4Chapter 1. Introductionreasonable guess is that blue crescent should be y 1, since all blue shapes are labeled 1 in thetraining set. The yellow circle is harder to classify, since some yellow things are labeled y 1and some are labeled y 0, and some circles are labeled y 1 and some y 0. Consequentlyit is not clear what the right label should be in the case of the yellow circle. Similarly, the correctlabel for the blue arrow is unclear.1.2.1.2The need for probabilistic predictionsTo handle ambiguous cases, such as the yellow circle above, it is desirable to return a probability.The reader is assumed to already have some familiarity with basic concepts in probability. Ifnot, please consult Chapter 2 for a refresher, if necessary.We will denote the probability distribution over possible labels, given the input vector x andtraining set D by p(y x, D). In general, this represents a vector of length C. (If there are just twoclasses, it is su cient to return the single number p(y 1 x, D), since p(y 1 x, D) p(y 0 x, D) 1.) In our notation, we make explicit that the probability is conditional on the testinput x, as well as the training set D, by putting these terms on the right hand side of theconditioning bar . We are also implicitly conditioning on the form of model that we use to makepredictions. When choosing between di erent models, we will make this assumption explicit bywriting p(y x, D, M ), where M denotes the model. However, if the model is clear from context,we will drop M from our notation for brevity.Given a probabilistic output, we can always compute our “best guess” as to the “true label”usingCŷ fˆ(x) argmax p(y c x, D)(1.1)c 1This corresponds to the most probable class label, and is called the mode of the distributionp(y x, D); it is also known as a MAP estimate (MAP stands for maximum a posteriori). Usingthe most probable label makes intuitive sense, but we will give a more formal justification forthis procedure in Section 5.7.Now consider a case such as the yellow circle, where p(ŷ x, D) is far from 1.0. In such acase we are not very confident of our answer, so it might be better to say “I don’t know” insteadof returning an answer that we don’t really trust. This is particularly important in domainssuch as medicine and finance where we may be risk averse, as we explain in Section 5.7.Another application where it is important to assess risk is when playing TV game shows, suchas Jeopardy. In this game, contestants have to solve various word puzzles and answer a varietyof trivia questions, but if they answer incorrectly, they lose money. In 2011, IBM unveiled acomputer system called Watson which beat the top human Jeopardy champion. Watson uses avariety of interesting techniques (Ferrucci et al. 2010), but the most pertinent one for our presentpurposes is that it contains a module that estimates how confident it is of its answer. The systemonly chooses to “buzz in” its answer if su ciently confident it is correct. Similarly, Google has asystem known as SmartASS (ad selection system) that predicts the probability you will click onan ad based on your search history and other user and ad-specific features (Metz 2010). Thisprobability is known as the click-through rate or CTR, and can be used to maximize expectedprofit. We will discuss some of the basic principles behind systems such as SmartASS later inthis book.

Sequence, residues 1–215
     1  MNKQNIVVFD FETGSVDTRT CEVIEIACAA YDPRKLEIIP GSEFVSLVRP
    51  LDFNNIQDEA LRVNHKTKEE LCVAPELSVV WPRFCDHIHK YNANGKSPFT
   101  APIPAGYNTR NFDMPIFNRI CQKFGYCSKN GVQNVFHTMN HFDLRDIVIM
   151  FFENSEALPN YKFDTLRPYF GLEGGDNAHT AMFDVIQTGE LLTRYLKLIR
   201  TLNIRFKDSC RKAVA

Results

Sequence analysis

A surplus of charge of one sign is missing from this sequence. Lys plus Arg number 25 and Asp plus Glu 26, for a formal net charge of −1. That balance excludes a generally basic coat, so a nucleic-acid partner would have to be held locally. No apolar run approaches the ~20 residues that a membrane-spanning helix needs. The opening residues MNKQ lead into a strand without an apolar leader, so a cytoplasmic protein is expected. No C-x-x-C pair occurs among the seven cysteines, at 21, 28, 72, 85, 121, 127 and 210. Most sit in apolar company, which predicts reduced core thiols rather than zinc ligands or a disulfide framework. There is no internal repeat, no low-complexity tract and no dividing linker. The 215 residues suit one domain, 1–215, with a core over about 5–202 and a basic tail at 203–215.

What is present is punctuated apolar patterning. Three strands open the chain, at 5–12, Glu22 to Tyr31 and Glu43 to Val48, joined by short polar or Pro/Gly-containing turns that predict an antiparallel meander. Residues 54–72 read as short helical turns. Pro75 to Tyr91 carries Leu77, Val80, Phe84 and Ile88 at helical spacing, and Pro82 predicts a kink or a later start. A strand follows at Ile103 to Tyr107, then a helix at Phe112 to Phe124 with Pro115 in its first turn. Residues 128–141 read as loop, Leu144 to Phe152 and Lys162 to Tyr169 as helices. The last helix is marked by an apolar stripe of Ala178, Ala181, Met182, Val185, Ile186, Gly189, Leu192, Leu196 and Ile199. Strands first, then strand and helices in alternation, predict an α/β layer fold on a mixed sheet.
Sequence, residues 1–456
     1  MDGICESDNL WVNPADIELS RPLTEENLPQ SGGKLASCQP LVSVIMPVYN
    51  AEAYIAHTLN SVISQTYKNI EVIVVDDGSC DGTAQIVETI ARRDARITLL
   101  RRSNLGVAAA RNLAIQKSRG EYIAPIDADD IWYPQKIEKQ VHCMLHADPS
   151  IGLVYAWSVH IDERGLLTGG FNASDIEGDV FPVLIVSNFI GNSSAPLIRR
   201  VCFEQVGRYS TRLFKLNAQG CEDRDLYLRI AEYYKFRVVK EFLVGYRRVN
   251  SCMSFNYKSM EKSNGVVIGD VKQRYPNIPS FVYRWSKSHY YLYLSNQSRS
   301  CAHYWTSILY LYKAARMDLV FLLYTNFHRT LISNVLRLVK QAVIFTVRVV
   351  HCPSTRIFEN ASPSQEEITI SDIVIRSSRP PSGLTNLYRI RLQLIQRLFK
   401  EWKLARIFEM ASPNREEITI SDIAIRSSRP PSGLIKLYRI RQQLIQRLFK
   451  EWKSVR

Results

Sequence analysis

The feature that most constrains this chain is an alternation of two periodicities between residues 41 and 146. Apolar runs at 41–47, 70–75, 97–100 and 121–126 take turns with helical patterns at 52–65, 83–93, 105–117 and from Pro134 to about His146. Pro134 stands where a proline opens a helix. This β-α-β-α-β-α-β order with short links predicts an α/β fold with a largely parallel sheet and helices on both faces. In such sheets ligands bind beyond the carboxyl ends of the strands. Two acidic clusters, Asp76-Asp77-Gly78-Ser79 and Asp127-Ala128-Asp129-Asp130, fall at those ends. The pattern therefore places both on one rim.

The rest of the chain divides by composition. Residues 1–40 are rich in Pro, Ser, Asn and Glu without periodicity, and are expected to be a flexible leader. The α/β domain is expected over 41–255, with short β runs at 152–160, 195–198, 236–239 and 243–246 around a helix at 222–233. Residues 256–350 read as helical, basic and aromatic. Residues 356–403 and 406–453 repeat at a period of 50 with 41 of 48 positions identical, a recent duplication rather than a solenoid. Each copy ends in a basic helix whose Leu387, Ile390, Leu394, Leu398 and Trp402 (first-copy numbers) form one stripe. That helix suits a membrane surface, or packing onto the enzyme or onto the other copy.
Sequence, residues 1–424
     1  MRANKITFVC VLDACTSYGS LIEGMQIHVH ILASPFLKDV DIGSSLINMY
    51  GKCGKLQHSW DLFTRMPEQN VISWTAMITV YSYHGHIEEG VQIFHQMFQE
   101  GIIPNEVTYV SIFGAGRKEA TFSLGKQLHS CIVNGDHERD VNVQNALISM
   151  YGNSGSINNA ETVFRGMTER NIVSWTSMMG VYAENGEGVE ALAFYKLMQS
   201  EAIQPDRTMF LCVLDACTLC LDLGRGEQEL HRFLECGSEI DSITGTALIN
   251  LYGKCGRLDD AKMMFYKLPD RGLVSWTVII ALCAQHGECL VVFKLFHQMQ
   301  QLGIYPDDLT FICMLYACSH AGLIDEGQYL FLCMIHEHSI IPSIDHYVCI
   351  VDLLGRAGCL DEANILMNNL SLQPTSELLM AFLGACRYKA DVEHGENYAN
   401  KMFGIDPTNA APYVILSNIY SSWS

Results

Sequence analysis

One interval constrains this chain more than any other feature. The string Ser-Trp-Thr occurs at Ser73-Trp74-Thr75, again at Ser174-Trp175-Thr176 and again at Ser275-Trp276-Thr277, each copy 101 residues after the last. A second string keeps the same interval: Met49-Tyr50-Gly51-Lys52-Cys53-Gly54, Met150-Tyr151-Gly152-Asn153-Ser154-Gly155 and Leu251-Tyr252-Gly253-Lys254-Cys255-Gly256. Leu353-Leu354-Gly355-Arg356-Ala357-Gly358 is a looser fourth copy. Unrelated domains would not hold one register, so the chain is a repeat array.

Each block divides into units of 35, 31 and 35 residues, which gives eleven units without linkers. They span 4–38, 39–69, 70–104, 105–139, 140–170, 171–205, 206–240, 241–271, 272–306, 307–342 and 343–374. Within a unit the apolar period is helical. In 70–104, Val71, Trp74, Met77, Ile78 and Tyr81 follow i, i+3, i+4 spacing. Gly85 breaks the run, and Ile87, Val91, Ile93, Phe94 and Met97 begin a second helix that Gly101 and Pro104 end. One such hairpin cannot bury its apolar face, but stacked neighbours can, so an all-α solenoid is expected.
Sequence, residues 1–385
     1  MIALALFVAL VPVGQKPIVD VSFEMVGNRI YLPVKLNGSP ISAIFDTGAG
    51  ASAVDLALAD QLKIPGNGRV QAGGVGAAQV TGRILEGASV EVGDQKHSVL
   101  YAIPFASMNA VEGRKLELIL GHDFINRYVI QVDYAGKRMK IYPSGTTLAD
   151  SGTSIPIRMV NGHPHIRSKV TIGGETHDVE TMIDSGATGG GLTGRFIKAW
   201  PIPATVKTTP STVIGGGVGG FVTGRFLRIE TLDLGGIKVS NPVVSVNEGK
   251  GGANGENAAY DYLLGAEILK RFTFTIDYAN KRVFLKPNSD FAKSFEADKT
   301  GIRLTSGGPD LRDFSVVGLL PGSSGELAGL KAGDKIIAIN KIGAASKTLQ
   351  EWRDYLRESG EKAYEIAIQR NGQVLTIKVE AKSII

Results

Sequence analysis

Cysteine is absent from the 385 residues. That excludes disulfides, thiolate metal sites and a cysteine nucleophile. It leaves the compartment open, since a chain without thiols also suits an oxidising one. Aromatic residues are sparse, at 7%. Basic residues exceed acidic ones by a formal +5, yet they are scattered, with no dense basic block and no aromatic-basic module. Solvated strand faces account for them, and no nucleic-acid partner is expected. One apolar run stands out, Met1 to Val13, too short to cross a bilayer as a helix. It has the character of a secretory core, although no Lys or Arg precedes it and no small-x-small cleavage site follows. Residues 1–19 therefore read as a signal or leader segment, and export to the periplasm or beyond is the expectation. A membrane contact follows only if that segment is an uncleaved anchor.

1.2. Supervised 020304050words60708090100Figure 1.2 Subset of size 16242 x 100 of the 20-newsgroups data. We only show 1000 rows, for clarity.Each row is a document (represented as a bag-of-words bit vector), each column is a word. The redlines separate the 4 classes, which are (in descending order) comp, rec, sci, talk (these are the titles ofUSENET groups). We can see that there are subsets of words whose presence or absence is indicativeof the class. The data is available from http://cs.nyu.edu/ roweis/data.html. Figure generated bynewsgroupsVisualize.1.2.1.3Real-world applicationsClassification is probably the most widely used form of machine learning, and has been usedto solve many interesting and often di cult real-world problems. We have already mentionedsome important applciations. We give a few more examples below.Document classification and email spam filteringIn document classification, the goal is to classify a document, such as a web page or emailmessage, into one of C classes, that is, to compute p(y c x, D), where x is some representation of the text. A special case of this is email spam filtering, where the classes are spamy 1 or ham y 0.Most classifiers assume that the input vector x has a fixed size. A common way to representvariable-length documents in feature-vector format is to use a bag of words representation.This is explained in detail in Section 3.4.4.1, but the basic idea is to define xij 1 i word joccurs in document i. If we apply this transformation to every document in our data set, we geta binary document word co-occurrence matrix: see Figure 1.2 for an example. Essentially thedocument classification problem has been reduced to one that looks for subtle changes in thepattern of bits. For example, we may notice that most spam messages have a high probability ofcontaining the words “buy”, “cheap”, “viagra”, etc. In Exercise 8.1 and Exercise 8.2, you will gethands-on experience applying various classification techniques to the spam filtering problem.

6Chapter 1. Introduction(a)(b)(c)Figure 1.3 Three types of iris flowers: setosa, versicolor and virginica. Source: http://www.statlab.uni-heidelberg.de/data/iris/ . Used with kind permission of Dennis Kramb and SIGNA.sepal widthpetal lengthpetal widthpetal widthpetal lengthsepal widthsepal lengthsepal lengthFigure 1.4 Visualization of the Iris data as a pairwise scatter plot. The diagonal plots the marginalhistograms of the 4 features. The o diagonals contain scatterplots of all possible pairs of features. Redcircle setosa, green diamond versicolor, blue star virginica. Figur

The probabilistic approach to machine learning is closely related to the ﬁeld of statistics, but diers slightly in terms of its emphasis and terminology3. We will describe a wide variety of probabilistic models, suitable for a wide variety of data and tasks. We will also describe a wide variety of algorithms for learning and using such models.